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When reading about why no Venn diagram for four sets can be formed by intersecting four circles, I found that the author claimed that any two distinct circles can intersect in at most two points, while any two distinct ellipses can intersect in at most four.

Why is this? I can easily see from examples that it's intuitively obvious, but is there a geometric reason for it?


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up vote 6 down vote accepted

You know the fact that any circle can be chartereised by any three points it passes through, i.e, If a circle passes through through 3 points then it is unique.Therefore two distinct circles can intersect at atmost 2 points.

In case of ellipses, they are characterised by five points.

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Surely you mean five points for ellipses? If an ellipse was characterized by four points, then two distinct ellipses could not have four points in common. – Rahul Oct 5 '12 at 5:33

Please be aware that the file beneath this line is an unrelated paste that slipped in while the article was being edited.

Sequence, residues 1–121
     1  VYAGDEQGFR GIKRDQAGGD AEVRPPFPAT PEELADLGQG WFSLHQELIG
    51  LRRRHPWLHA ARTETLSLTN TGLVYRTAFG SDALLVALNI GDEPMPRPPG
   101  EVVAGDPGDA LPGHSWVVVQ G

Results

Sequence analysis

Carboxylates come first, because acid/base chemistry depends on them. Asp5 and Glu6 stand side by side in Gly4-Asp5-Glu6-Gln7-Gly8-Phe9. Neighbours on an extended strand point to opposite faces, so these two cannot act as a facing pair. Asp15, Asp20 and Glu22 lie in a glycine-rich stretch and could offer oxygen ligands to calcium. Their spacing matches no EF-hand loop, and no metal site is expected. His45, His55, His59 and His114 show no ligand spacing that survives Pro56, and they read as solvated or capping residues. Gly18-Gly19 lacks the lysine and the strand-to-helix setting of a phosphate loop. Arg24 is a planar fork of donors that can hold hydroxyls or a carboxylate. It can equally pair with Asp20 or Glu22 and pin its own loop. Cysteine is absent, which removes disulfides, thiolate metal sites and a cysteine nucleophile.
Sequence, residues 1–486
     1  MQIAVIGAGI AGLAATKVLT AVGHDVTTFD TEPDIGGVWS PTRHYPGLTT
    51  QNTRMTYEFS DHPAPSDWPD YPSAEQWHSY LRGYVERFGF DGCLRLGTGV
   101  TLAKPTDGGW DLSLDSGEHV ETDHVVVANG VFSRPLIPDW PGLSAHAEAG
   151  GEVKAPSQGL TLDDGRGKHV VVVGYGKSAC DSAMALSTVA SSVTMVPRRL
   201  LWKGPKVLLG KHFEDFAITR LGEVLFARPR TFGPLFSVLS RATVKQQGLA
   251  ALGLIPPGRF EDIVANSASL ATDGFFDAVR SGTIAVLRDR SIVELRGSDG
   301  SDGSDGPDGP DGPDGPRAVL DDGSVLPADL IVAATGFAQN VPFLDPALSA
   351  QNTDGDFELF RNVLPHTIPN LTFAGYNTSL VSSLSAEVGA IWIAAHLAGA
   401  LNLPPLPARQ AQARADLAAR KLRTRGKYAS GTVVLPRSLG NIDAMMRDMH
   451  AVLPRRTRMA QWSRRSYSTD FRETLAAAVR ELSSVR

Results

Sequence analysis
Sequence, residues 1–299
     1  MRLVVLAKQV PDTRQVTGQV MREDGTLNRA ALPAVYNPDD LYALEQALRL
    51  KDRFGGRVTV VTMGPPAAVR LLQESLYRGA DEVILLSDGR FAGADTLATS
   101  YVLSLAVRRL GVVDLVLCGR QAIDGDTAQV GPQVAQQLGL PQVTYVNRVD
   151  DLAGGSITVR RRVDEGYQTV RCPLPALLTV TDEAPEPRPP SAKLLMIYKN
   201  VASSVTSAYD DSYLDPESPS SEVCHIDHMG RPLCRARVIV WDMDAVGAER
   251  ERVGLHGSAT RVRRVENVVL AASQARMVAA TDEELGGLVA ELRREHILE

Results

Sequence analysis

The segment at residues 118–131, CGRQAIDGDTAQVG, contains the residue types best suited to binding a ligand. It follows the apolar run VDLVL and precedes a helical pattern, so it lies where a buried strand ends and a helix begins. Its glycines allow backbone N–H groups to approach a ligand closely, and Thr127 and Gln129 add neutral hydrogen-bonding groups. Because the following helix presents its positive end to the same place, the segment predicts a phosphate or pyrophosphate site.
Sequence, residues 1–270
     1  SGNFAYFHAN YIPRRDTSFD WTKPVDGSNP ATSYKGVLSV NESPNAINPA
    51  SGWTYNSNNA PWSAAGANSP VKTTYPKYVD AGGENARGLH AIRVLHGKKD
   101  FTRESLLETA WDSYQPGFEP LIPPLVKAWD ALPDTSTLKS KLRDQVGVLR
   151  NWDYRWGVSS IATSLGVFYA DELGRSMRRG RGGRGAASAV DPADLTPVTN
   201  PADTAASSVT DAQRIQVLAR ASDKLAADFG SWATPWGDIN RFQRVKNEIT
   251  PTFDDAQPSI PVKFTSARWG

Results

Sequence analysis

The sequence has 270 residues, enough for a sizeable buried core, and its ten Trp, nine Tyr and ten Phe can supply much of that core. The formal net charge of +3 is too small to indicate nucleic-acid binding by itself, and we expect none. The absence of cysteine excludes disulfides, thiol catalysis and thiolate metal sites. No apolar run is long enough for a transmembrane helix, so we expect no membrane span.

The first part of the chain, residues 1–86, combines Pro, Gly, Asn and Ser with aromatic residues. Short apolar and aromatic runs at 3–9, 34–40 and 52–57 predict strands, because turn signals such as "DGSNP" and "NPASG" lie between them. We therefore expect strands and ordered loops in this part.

With the right viewpoint, any two distinct circles intersect in exactly four points, indeed any two distinct nondegenerate conics intersect in exactly four points. Like the circle of radius $2$ and the hyperbola $xy=1$. The relevant fact is the Theorem of Bézout, which says that under certain conditions of nondegeneracy, two plane curves, of degrees $m$ and $n$ respectively, intersect in $mn$ points, as long as you count multiplicity, set the points in the projective plane, and look for coordinates of intersection-points in an algebraically closed field. The equation of the circle $(x-1)^2 +y^2=1$, for instance, becomes $X^2-2XZ+Z^2+Y^2=Z^2$ upon homogenization, and it has the two distinct (in projective plane) points $(1,i,0)$ and $(1,-i,0)$. These are the two “imaginary points at infinity” carried by the circle, and they are common to all circles.

Two concentric circles intersect at these two points, and are tangent at both, so each point must be counted with multiplicity $2$.

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